A truth-hugger?  (reuters photo)

Robert Gibbs had us all agog on Sunday when he pertly declared that Republicans could win the House in November. Is he allowed to say that? Shouldn't he be waxing relentlessly optimistic about Democrats and the economy? Certainly, Eric Cantor has been saying it. But: Gibbs?

"I did what is maybe uncommon in this town, and yesterday I opened my mouth and stated the obvious," Gibbs said at the White House today.

There are enough seats in play in both chambers, plus some increasingly grim polls to make it feel true, if it is true.

Our friends at MSNBC's First Read, however, have a different take on the matter. This isn't 1994, they argue. And yeah, Republicans have more momentum on their side, with enthused voters and newfound support from independents. And the battleground areas don't favor Obama, and historically the party out of power picks ups seats in a midterm.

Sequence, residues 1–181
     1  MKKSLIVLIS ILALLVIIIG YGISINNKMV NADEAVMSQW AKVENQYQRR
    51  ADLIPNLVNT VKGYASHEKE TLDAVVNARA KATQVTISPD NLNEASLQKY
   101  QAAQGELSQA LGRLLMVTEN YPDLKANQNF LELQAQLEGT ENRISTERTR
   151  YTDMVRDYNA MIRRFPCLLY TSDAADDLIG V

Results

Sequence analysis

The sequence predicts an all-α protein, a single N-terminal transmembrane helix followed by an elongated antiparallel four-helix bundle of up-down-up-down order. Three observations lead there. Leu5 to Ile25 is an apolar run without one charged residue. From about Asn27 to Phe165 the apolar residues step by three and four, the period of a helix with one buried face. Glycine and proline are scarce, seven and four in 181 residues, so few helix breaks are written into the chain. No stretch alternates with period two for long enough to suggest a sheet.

But: Here are four other things to consider, they say --

1. The Republicans are tied with Democrats in favorable/unfavorable ratings.

2. The GOP has no new ideas, agenda or personalities like they did in '94

3. Democrats are raising more money, and

4. To get control of the House, Republicans have to win 39 seats (i.e., a lot)

All good points. Certainly, any shift in the narrative will get an undeserved level of attention, and Gibbs' remarks are being picked apart in great detail today for subtext, intent and strategy. But the MSNBC crew raise some compelling points.